considered at large the nature of other states, it now remains that I should first say what ought to be the establishment of a city which one should form according to one's wish; for no good state can exist without a moderate proportion of what is necessary. Many things therefore ought to be forethought of as desirable, but none of them such as are impossible: I mean relative to the number of citizens and the extent of the territory: for as other artificers, such as the weaver and the shipwright, ought to have such materials as are fit for their work, since so much the better they are, by so much [1326a] superior will the work itself necessarily be; so also ought the legislator and politician endeavour to procure proper materials for the business they have in hand. Now the first and principal instrument of the politician is the number of the people; he should therefore know how many, and what they naturally ought to be: in like manner the country, how large, and what it is. Most persons think that it is necessary for a city to be large to be happy: but, should this be true, they cannot tell what is a large one and what a small one; for according to the multitude of the inhabitants they estimate the greatness of it; but they ought rather to consider its strength than its numbers; for a state has a certain object in view, and from the power which it has in itself of accomplishing it, its greatness ought to be estimated; as a person might say, that Hippocrates was a greater physician, though not a greater man, than one that exceeded him in the size of his body: but if it was proper to determine the strength of the city from the number of the inhabitants, it should never be collected from the multitude in general who may happen to be in it; for in a city there must necessarily be many slaves, sojourners, and foreigners; but from those who are really part of the city and properly constitute its members; a multitude of these is indeed a proof of a large city, but in a state where a large number of mechanics inhabit, and but few soldiers, such a state cannot be great; for the greatness of the city, and the number of men in it, are not the same thing. This too is evident from fact, that it is very difficult, if not impossible, to govern properly a very numerous body of men; for of all the states which appear well governed we find not one where the rights of a citizen are open to an indiscriminate multitude. And this is also evident from the nature of the thing; for as law is a certain order, so good law is of course a certain good order: but too large a multitude are incapable of this, unless under the government of that DIVINE POWER which comprehends the universe. Not but that, as quantity and variety are usually essential to beauty, the perfection of a city consists in the largeness of it as far as that largeness is consistent with that order already mentioned: but still there is a determinate size to all cities, as well as everything else, whether animals, plants, or machines, for each of these, if they are neither too little nor too big, have their proper powers; but when they have not their due growth, or are badly constructed, as a ship a span long is not properly a ship, nor one of two furlongs length, but when it is of a fit size; for either from its smallness or from its largeness it may be quite useless: so is it with a city; one that is too small has not [1326b] in itself the power of self-defence, but this is essential to a city: one that is too large is capable of self-defence in what is necessary; but then it is a nation and not a city: for it will be very difficult to accommodate a form of government to it: for who would choose to be the general of such an unwieldy multitude, or who could be their herald but a stentor? The first thing therefore necessary is, that a city should consist of such numbers as will be sufficient to enable the inhabitants to live happily in their political community: and it follows, that the more the inhabitants exceed that necessary number the greater will the city be: but this must not be, as we have already said, without bounds; but what is its proper limit experience will easily show, and this experience is to be collected from the actions both of the governors and the governed. Now, as it belongs to the first to direct the inferior magistrates and to act as judges, it follows that they can neither determine causes with justice nor issue their orders with propriety without they know the characters of their fellow-citizens: so that whenever this happens not to be done in these two particulars, the state must of necessity be badly managed; for in both of them it is not right to determine too hastily and without proper knowledge, which must evidently be the case where the number of the citizens is too many: besides, it is more easy for strangers and sojourners to assume the rights of citizens, as they will easily escape detection in so great a multitude. It is evident, then, that the best boundary for a city is that wherein the numbers are the greatest possible, that they may be the better able to be sufficient in themselves, while at the same time they are not too large to be under the eye and government of the magistrates. And thus let us determine the extent of a city.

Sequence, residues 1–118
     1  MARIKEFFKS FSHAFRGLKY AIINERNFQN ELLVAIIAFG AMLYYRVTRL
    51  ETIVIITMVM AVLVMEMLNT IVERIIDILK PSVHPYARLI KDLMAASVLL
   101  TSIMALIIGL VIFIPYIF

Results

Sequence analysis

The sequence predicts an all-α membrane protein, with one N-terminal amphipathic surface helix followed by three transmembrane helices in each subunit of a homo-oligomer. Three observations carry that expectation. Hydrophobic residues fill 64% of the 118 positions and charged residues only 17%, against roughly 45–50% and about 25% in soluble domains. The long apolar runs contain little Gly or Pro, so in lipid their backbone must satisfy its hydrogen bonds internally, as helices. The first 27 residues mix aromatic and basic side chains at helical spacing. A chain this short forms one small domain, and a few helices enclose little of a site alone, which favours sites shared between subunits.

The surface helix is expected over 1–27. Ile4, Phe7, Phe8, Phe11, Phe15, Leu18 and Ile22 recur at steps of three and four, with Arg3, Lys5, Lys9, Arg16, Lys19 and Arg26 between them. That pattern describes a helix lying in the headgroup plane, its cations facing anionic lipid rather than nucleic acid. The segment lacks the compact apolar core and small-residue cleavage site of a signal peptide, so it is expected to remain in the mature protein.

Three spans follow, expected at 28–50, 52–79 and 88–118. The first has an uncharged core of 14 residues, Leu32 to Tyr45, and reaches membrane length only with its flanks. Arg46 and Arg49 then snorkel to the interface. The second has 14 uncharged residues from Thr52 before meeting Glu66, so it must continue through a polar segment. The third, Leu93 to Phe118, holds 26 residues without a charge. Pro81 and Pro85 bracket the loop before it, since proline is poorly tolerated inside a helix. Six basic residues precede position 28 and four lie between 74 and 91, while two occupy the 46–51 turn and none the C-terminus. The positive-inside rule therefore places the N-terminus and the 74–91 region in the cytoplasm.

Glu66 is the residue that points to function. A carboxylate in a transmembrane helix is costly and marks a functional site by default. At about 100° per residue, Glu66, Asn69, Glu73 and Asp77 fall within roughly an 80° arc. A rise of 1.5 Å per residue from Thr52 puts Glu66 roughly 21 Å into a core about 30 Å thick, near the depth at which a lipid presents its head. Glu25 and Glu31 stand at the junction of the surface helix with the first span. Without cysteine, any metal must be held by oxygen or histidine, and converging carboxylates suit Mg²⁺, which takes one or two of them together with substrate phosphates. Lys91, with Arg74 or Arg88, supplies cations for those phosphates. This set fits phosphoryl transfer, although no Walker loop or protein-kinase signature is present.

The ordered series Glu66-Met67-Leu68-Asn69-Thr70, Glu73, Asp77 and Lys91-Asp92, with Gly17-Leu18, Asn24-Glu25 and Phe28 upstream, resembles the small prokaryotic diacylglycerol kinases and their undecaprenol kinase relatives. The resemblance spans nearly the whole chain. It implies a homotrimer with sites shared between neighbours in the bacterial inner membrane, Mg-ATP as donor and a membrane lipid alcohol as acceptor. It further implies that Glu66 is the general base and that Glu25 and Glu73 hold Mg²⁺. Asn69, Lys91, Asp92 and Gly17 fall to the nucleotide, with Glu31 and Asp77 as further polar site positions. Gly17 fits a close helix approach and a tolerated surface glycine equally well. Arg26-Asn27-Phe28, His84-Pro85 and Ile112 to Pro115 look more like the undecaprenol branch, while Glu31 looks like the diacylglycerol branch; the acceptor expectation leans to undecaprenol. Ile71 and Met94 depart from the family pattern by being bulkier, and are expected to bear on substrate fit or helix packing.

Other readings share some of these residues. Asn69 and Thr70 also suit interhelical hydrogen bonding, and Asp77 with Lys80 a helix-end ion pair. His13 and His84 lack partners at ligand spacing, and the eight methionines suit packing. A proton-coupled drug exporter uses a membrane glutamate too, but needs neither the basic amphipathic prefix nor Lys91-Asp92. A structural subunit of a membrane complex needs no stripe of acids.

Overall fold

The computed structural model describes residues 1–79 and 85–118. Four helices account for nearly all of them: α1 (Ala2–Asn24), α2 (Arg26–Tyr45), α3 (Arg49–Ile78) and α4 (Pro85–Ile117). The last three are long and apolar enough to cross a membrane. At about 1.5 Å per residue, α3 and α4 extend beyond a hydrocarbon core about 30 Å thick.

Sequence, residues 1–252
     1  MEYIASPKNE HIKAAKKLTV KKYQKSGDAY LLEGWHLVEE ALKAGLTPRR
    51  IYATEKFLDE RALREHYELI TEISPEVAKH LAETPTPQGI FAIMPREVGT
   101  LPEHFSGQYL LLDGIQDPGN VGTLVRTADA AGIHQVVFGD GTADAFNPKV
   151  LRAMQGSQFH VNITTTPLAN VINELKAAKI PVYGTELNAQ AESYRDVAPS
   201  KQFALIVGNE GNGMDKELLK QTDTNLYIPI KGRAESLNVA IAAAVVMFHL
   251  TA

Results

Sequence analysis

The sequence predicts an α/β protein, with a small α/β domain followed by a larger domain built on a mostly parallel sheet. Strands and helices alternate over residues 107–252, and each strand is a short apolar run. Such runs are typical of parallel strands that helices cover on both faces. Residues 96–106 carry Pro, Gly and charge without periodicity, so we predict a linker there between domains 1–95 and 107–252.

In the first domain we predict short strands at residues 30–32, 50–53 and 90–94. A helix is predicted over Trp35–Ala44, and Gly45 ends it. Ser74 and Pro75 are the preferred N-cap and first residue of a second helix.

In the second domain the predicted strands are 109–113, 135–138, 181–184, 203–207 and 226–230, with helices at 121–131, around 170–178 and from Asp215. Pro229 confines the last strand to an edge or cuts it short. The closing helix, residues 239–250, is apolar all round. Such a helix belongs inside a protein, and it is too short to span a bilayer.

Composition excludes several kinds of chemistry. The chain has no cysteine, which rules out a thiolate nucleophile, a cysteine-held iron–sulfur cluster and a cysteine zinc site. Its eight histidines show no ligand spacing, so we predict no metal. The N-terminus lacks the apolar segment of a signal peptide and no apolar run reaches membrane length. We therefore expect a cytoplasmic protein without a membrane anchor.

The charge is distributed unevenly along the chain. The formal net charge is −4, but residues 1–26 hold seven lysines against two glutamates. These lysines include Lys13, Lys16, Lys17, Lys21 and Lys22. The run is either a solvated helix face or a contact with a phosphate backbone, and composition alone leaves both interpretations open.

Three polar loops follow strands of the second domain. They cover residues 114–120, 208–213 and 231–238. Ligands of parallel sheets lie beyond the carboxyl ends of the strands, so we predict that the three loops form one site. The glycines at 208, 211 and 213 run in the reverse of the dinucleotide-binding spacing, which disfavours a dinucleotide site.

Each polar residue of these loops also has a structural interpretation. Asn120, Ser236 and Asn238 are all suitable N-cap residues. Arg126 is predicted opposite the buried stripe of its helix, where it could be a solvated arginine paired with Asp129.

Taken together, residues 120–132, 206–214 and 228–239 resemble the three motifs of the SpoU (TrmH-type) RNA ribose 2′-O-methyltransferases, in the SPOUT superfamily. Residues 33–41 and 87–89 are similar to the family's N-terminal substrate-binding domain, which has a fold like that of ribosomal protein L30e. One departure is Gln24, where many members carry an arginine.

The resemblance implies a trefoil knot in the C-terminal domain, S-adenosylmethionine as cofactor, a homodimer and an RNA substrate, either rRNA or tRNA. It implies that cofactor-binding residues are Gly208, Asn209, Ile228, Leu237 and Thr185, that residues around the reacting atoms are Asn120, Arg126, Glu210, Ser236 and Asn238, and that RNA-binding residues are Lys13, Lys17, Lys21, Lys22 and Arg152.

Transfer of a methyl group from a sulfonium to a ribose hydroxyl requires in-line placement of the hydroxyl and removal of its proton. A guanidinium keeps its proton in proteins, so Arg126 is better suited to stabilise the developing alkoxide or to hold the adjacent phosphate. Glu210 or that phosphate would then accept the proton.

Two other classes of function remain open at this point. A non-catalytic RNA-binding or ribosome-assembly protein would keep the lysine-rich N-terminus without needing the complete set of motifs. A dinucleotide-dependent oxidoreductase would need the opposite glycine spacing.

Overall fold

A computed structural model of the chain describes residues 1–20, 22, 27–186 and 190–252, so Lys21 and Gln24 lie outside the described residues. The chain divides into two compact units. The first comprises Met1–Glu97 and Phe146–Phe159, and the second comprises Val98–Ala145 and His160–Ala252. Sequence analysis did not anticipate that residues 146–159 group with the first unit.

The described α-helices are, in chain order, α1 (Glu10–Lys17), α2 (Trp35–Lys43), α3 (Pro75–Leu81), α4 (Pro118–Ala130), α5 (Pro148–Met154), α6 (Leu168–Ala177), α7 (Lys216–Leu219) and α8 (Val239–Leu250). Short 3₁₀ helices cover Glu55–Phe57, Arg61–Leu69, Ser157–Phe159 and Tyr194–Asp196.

What we have said concerning a city may nearly be applied to a country; for as to what soil it should be, every one evidently will commend it if it is such as is sufficient in itself to furnish what will make the inhabitants happy; for which purpose it must be able to supply them with all the necessaries of life; for it is the having these in plenty, without any want, which makes them content. As to its extent, it should be such as may enable the inhabitants to live at their ease with freedom and temperance. Whether we have done right or wrong in fixing this limit to the territory shall be considered more minutely hereafter, when we come particularly to inquire into property, and what fortune is requisite for a man to live on, and how and in what manner they ought to employ it; for there are many doubts upon this question, while each party insists upon their own plan of life being carried to an excess, the one of severity, the other of indulgence. What the situation of the country should be it is not difficult to determine, in some particulars respecting that we ought to be advised by those who are skilful in military affairs. It should be difficult of access to an enemy, but easy to the inhabitants: and as we said, that the number of [1327a] inhabitants ought to be such as can come under the eye of the magistrate, so should it be with the country; for then it is easily defended. As to the position of the city, if one could place it to one's wish, it is convenient to fix it on the seaside: with respect to the country, one situation which it ought to have has been already mentioned, namely, that it should be so placed as easily to give assistance to all places, and also to receive the necessaries of life from all parts, and also wood, or any other materials which may happen to be in the country.